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Dig It - Giants and Upside Down Justice
16/05/2019 10:59:31 AM | Pip Miner
How can Jesus radically change the life of a slave, a slave owner and the message of a Christian leader who appeals for upside-down justice? What implications might this message have for those of us who contend with the reality of having 'giant’s strength' but know it is 'tyrannous to use it like a giant'?
In the short letter of Philemon, we see how the cosmic principle of Jesus’ turning power dynamics upside-down is outworked in a single household.
A quick plot-review: A slave named Onesimus had escaped his owner, Philemon. He ran from Colossae to Rome - a city where he could more easily disappear into the crowd. In Rome, Onesimus met Paul and became a follower of Jesus. Now, Paul sends him back to Colossae… and to Philemon. In the letter of Philemon, Paul recognises power dynamics as they stand, as well as how they have been transformed in Christ. He appeals to his 'precious friend' and 'fellow worker' Philemon.
Paul does not use his authority as an apostle to demand justice, instead using phrases such as 'old man' and 'prisoner' to refer to himself! Onesimus isn’t a 'slave' but a 'brother in Christ' and a 'son'. With tenderness, Paul says that Onesimus has become his 'very heart'. Paul uses his power to pen a humble, moving letter advocating that a former slave be received based on who he now is in Christ.
When we move from our relaxed Aussie culture that values equality and independence into a more hierarchical culture that values showing respect for those in authority, we may not always be aware of how we are perceived in the new culture. Without knowing, we may be perceived as 'giants'.
In my second month in Cambodia I was invited to a Khmer New Year feast in a village hundreds of kilometres from the Capital. In the early evening, mats were placed around the central house and groups were seated according to their status. As a single in my late twenties, I wondered if I would be placed with married couples who were about my age or with the singles in their teens and early twenties.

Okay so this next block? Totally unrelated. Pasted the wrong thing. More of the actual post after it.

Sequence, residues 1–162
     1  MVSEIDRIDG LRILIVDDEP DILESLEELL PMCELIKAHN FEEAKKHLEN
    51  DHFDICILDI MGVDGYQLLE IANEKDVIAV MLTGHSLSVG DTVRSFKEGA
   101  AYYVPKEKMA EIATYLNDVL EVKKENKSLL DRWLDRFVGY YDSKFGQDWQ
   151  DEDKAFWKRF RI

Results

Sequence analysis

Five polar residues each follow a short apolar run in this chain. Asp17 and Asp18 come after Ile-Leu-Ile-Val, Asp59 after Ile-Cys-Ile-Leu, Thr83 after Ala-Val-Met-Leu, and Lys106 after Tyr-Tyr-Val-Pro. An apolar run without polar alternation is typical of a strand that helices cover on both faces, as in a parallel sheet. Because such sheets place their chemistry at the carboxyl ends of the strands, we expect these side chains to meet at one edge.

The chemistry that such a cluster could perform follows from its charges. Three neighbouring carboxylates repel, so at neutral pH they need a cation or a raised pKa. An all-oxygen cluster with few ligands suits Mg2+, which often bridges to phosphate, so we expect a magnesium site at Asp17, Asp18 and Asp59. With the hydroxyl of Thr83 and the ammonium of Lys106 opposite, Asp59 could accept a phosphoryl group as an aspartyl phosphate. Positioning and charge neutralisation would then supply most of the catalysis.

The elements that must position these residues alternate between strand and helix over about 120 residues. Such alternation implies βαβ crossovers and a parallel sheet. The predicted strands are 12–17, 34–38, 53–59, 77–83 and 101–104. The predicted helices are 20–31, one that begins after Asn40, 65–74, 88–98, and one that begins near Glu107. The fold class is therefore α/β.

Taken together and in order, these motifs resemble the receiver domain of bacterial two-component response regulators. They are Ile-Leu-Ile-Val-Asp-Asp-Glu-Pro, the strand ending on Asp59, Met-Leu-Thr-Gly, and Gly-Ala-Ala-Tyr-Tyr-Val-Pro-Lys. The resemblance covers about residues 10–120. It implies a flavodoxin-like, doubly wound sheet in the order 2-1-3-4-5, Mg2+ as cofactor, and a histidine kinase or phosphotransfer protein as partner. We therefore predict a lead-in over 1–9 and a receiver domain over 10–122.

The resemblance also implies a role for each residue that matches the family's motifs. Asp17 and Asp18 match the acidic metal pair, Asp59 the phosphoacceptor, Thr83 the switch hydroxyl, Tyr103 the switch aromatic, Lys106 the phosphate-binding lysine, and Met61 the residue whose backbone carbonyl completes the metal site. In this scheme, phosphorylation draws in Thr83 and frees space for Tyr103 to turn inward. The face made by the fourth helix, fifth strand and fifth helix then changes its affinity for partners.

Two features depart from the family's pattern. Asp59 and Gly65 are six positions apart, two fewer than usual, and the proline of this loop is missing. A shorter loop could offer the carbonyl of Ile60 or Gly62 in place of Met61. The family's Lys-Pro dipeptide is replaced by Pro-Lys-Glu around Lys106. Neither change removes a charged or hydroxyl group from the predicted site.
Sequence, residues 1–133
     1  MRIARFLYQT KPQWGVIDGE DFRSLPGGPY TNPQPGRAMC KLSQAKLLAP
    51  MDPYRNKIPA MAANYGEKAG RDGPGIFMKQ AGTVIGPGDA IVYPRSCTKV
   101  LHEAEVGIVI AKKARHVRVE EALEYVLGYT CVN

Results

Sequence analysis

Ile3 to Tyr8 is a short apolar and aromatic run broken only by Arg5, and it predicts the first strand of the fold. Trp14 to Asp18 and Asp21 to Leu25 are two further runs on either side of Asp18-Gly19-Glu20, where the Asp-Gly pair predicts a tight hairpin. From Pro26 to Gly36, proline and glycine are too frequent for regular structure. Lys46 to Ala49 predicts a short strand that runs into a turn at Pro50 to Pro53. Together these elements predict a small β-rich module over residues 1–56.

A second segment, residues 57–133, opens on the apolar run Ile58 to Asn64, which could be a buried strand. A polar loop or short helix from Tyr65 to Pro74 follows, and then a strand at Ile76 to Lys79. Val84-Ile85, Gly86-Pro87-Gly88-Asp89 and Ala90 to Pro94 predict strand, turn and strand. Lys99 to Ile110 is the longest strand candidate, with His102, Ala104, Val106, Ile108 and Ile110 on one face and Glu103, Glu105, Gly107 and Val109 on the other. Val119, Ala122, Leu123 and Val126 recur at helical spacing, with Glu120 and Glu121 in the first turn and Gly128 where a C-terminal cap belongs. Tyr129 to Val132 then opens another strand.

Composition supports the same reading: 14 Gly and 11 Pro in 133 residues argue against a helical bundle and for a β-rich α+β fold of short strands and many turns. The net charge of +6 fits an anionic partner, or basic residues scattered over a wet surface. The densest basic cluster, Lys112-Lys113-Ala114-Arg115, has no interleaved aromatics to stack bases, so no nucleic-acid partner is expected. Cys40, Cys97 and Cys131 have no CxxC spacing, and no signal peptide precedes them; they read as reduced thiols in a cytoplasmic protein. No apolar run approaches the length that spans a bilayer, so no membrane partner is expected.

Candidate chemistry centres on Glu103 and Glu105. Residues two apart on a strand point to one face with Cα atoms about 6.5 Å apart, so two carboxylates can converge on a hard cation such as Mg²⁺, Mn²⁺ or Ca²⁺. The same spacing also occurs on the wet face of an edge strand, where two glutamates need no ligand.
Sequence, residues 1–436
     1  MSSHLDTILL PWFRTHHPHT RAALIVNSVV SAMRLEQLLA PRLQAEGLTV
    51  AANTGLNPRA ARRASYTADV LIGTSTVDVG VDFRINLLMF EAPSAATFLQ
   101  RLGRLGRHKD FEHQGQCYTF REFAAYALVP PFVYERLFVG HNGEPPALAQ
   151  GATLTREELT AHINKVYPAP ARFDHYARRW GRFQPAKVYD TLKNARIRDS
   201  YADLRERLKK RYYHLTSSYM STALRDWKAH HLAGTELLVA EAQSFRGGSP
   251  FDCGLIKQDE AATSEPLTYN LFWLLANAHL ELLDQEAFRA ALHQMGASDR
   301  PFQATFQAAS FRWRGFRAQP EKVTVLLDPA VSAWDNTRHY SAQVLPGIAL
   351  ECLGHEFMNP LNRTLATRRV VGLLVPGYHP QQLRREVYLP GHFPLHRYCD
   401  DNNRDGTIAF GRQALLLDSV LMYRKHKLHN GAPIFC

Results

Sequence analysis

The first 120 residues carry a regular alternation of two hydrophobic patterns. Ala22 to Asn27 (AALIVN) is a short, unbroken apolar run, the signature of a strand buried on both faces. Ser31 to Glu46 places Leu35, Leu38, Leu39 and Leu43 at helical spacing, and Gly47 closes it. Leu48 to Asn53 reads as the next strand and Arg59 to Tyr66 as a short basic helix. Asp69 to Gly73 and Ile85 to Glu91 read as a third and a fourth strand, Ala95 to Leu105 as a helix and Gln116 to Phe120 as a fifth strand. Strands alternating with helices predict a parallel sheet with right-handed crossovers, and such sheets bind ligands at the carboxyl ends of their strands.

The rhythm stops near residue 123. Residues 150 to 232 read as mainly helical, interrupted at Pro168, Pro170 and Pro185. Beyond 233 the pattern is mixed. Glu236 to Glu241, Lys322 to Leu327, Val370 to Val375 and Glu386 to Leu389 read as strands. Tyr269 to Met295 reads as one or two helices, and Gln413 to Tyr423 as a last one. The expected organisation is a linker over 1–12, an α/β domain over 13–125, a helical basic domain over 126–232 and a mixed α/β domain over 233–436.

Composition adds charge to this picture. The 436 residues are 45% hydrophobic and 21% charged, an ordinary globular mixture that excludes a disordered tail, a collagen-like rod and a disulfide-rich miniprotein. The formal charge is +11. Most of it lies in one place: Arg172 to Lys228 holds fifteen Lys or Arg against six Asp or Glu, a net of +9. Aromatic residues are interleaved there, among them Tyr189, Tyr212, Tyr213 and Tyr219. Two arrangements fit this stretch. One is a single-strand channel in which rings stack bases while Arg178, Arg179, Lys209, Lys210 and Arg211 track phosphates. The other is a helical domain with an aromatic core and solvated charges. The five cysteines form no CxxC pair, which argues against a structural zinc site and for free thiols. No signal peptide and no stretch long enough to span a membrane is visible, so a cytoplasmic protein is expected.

When I arrived I was ushered into the main room of the house. On the floor was a single mat and small bowls containing a few mouthfuls of each of the delicacies. I was invited to sit on that mat in the most honoured position in the village to share in the feast… by myself. I felt alone and excluded. But the intention was to honour me. That night, I accepted that it would take time for the Khmer to find where I would fit on one of their mats at the feast.
This was one of many aspects of the Khmer culture I needed to understand to minister contextually. Like Paul, we need to recognise power dynamics as well as how they can be transformed in Christ.
Thinking back on nine years in Cambodia, there were times I let people respectfully call me 'teacher'. (I’m not a qualified teacher!) Most of the time, however, I preferred 'sister' or 'aunty'. While I hoped my skills and hard work in ministry were found useful, the reality was that I needed to hold on to who I was in Christ, a beloved, useful, reclaimed slave like Onesimus.
Having been given a place on the mat, I am now responsible to use my giant strength to invite others to take their seat at the feast.